The Insigneo Institute for in silico Medicine at the University of Sheffield is developing an ‘in silico’ (computer simulated) model of the human body that will enable simulation of the effects of drugs and treatments on the human body.

The Virtual Physiological Human (VPH) project will enable collaborative investigation of the human body as a single complex system using integrated computer models of the mechanical, physical and biochemical functions of a living human body.

It is hoped that the project will lead to a better healthcare system by offering personalised care solutions, a more holistic approach to medicine and a preventative approach to the treatment of disease.

Over a period of time, it may lead to treatment that sees the body as a single multi organ system rather than as a collection of individual organs.

The Institute, which was founded a year ago at the University of Sheffield, is currently demonstrating the first phase of technology that will lead to the creation of a virtual human body.

The primary objective of the project is to create a computer simulated replica of the human body that will enable the virtual testing of personalised treatments.

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Once the project is completed, VPH, which resembles a software-based laboratory for experimentation and treatment, is predicted to transform the economics and practicalities of modern medical treatment and medical research.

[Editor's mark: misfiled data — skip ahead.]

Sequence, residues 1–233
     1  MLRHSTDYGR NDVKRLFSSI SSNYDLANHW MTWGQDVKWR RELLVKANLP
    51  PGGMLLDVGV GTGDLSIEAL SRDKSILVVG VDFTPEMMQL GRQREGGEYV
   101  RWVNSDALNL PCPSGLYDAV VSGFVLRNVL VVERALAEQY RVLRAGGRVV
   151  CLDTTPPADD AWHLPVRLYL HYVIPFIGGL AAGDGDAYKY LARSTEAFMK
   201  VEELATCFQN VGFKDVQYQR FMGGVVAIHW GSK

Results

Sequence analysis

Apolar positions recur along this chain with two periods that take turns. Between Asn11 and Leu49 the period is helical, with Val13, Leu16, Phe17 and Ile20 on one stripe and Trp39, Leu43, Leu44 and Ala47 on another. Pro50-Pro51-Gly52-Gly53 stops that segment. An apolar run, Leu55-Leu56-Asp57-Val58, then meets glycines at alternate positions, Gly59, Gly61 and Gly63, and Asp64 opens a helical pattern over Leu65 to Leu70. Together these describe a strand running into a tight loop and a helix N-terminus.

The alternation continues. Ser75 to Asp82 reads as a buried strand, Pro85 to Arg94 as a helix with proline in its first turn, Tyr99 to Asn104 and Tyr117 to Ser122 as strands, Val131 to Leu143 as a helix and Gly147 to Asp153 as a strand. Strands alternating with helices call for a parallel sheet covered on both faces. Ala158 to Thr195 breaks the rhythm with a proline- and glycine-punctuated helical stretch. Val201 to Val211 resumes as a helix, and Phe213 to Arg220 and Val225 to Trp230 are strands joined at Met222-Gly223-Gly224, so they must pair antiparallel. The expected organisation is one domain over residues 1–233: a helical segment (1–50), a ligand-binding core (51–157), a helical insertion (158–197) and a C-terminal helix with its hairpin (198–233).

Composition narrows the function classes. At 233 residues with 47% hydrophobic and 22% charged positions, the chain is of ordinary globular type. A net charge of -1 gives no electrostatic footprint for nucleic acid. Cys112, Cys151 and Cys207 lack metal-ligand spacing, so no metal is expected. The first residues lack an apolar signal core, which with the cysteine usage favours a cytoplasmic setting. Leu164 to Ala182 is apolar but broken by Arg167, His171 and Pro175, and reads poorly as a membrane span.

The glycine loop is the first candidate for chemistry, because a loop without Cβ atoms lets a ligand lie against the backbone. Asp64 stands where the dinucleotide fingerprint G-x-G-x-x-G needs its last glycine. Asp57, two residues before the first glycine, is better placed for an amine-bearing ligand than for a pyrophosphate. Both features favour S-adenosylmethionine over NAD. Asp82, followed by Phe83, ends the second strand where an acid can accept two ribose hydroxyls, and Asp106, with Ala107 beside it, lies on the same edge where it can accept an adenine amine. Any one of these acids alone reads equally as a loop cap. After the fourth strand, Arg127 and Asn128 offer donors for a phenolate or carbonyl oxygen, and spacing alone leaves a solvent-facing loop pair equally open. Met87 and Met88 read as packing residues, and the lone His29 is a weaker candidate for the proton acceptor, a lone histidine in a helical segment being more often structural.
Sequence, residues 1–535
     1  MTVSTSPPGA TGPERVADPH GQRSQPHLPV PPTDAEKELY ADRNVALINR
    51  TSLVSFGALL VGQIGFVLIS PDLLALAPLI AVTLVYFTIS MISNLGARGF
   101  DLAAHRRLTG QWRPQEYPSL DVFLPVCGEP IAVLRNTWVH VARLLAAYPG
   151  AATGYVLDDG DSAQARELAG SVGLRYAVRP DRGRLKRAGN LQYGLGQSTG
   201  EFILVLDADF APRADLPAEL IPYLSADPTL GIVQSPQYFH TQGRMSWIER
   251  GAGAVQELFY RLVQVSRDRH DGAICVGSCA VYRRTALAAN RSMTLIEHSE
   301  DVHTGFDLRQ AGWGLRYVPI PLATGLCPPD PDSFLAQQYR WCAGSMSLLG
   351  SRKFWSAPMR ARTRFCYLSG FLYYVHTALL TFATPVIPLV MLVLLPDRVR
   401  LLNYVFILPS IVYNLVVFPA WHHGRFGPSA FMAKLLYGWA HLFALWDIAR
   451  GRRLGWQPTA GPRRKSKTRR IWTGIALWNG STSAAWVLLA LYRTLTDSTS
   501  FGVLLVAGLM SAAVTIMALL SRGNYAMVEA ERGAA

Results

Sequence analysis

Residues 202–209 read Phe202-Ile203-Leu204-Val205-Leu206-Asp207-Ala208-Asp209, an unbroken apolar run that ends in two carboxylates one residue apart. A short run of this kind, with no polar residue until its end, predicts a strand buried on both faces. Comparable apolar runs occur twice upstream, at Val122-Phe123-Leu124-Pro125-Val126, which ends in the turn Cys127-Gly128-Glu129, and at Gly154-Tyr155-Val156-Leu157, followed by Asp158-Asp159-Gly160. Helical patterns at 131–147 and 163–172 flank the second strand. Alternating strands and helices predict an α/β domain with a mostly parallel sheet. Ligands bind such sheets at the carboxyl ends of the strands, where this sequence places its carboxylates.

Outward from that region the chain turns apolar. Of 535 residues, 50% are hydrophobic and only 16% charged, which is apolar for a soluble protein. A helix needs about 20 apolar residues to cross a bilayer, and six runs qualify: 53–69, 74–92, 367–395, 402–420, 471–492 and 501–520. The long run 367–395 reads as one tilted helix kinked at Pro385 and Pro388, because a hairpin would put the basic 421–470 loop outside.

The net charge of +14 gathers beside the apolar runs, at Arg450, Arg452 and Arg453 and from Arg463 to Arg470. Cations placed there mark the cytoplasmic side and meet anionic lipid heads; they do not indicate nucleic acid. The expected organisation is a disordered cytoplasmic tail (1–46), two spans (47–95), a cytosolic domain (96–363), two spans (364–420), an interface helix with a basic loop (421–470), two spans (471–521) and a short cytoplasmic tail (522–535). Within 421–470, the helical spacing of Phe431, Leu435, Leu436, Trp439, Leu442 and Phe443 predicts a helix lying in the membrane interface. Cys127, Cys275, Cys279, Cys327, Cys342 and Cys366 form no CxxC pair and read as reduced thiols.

The researchers will analyse observations made in laboratories, hospitals and the field anywhere in the world to develop systemic hypotheses, leveraging knowledge across multiple scientific disciplines.

The VPH programme is backed by European Commission (EC) funding. Since 2007, around €220m of EC funding has been targeted at collaborative in silico projects across Europe.

At a conference to be held today in Sheffield the institute will feature a series of talks and demonstrations that chart progress to date, including a presentation on imaging and computational modelling of pulmonary disease; a look at the emerging potential of the 21st century laboratory; and a presentation on VIRTUheart, which is expected to transform the assessment and management of coronary artery disease.

Additionally, the institute will also include a presentation on how the VPH will improve the prediction of fracture risk; and a presentation on virtual, physiological and computational neuromuscular models for the predictive treatment of Parkinson’s disease.

"What we’re working on here will be vital to the future of healthcare."

On display at the showcase will be an array of sophisticated 3D simulations of human physiology. There will also be updates from scientists and clinicians at the Institute.

Dr Keith McCormack, who leads business development at the institute, said: "What we’re working on here will be vital to the future of healthcare.

"Pressures are mounting on health and treatment resources worldwide. Candidly, without in silico medicine, organisations like the NHS will be unable to cope with demand."

The Insigneo is a collaborative initiative between the University of Sheffield and Sheffield Teaching Hospitals NHS Foundation Trust.

It is a multi-disciplinary institute with a membership of more than 120 academics and clinicians working together to develop computer simulations of the human body and its disease processes.

Image: When complete the virtual human will be the most sophisticated application of computing technology in healthcare. Photo courtesy of The University of Sheffield.